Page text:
Abstract We hypothesized that endothelin in addition to prostaglandin (PG)H2 may also contribute to the enhanced myogenic tone of skeletal muscle arterioles of spontaneously hypertensive (SH) rats. Changes in the diameter of isolated, cannulated arterioles (≈60 μm) from cremaster muscles of 30-week-old normotensive Wistar Kyoto (WKY) and SH rats were measured as a function of perfusion pressure (20 to 140 mm Hg). Pressure-induced constrictions were significantly enhanced between 60 to 140 mm Hg in arterioles of SH rats compared with those of WKY rats; at 80 and 140 mm Hg the normalized diameter of arterioles (expressed as a percentage of corresponding passive diameter) of SH rats was 11.0% and 15.4% less (P<.05) than that of WKY rats. After inhibition of thromboxane A2–PGH2 receptors by SQ 29,548 (10−6 mol/L), the still enhanced myogenic response of SH arterioles was eliminated by the removal of endothelium or the administration of BQ-123 (10−7 mol/L), an endothelin A (ET-A) receptor blocker, which also inhibited constrictions to exogenous ET-1 (10−11 to 5×10−10 mol/L). ET-1 elicited comparable responses in arterioles of SH and WKY rats. Thus, in SH rats the enhanced arteriolar constriction to increases in intravascular pressure seems to be due to the production of endothelium-derived constrictor factors PGH2 and endothelin.
The underlying mechanisms for maintaining an increased peripheral vascular resistance in hypertension are still not elucidated, but it is thought that the increased tone of skeletal muscle arteries and arterioles, due to the changes in their structure, contributes significantly to the elevated peripheral resistance.1 2 3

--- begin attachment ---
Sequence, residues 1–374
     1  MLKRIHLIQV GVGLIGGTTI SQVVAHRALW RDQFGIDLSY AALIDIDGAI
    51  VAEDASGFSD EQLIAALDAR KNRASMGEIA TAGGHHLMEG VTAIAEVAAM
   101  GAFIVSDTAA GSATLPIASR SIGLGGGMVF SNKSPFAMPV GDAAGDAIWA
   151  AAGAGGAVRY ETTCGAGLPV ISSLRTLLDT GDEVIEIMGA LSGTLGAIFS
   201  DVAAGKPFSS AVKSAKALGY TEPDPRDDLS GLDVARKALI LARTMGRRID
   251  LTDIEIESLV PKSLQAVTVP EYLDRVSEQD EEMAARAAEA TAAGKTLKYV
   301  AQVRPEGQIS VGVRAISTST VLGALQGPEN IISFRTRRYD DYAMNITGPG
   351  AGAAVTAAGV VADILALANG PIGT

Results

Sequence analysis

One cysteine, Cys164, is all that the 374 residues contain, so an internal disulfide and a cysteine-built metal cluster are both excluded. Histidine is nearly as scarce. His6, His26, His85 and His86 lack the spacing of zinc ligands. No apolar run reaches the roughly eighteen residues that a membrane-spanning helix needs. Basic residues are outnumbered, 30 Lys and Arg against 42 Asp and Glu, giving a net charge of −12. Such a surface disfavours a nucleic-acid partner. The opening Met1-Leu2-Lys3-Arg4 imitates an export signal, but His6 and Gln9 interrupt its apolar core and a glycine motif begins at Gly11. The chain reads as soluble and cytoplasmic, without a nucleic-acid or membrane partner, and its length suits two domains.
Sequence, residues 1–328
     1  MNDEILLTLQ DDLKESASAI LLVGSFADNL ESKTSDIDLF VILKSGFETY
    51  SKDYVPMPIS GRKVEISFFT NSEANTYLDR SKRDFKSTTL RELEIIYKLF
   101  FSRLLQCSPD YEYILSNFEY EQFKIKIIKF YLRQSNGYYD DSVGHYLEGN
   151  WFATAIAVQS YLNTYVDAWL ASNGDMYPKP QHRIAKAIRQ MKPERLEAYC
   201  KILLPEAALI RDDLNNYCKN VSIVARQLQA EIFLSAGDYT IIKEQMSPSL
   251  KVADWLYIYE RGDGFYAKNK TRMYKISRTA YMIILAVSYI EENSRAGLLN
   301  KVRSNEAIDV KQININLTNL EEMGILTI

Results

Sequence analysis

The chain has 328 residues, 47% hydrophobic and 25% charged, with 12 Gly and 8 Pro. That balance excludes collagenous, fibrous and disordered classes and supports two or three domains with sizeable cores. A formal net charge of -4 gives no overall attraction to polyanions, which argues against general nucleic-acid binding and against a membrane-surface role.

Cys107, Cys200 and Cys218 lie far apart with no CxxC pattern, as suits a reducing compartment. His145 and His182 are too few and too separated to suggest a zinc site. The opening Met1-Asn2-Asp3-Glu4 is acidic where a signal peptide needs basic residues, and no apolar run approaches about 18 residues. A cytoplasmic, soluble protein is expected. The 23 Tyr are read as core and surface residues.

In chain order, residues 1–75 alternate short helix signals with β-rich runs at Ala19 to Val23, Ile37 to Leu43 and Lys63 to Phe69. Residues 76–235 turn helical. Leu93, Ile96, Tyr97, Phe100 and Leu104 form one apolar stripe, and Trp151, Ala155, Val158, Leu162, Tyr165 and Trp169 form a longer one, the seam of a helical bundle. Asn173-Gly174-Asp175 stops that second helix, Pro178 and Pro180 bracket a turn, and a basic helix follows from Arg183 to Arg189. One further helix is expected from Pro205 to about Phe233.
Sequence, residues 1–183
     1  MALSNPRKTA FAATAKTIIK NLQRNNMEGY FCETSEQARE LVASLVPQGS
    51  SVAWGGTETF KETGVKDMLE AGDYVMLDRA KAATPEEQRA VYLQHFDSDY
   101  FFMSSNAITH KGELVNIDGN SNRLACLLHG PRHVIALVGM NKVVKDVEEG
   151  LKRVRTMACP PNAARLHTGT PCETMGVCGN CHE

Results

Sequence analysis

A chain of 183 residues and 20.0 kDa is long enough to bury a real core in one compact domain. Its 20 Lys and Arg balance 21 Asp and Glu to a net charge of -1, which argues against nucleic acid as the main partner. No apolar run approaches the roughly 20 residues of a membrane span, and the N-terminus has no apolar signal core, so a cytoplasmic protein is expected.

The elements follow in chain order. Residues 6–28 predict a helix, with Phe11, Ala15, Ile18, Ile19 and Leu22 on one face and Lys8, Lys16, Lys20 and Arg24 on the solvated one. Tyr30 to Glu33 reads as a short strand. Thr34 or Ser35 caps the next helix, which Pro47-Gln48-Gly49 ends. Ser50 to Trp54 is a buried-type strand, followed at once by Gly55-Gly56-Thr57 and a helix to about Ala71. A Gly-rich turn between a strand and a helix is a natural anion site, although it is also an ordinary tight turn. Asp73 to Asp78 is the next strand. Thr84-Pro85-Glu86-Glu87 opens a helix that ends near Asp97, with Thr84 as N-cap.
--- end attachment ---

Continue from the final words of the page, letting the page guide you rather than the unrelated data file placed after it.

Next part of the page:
In vitro studies of arteries of various sizes demonstrated a thickening of the vascular wall in hypertension and suggested that this change is an adaptation to the elevated pressure resulting in the normalization of wall stress. It was also implied that the thickening of the smooth muscle layer3 is associated with an increased contractile capacity of the vessels. One of the primary local factors that contributes to the development of basal tone of arterioles is the myogenic mechanism4 that is especially prominent in the arterioles of skeletal muscle.5 Because this mechanism is activated by changes in transmural pressure, it was logical to assume that it is altered in the presence of an increased intravascular pressure in hypertension. Indeed, an augmented constriction of cerebral vessels,6 renal interlobular arteries,7 and arterioles of skeletal muscle8 9 and mesentery10 in response to changes in intravascular pressure has already been documented in various models of experimental hypertension. In addition, Henriksen et al found an augmented constrictor response to changes in transmural pressure in patients with essential hypertension.11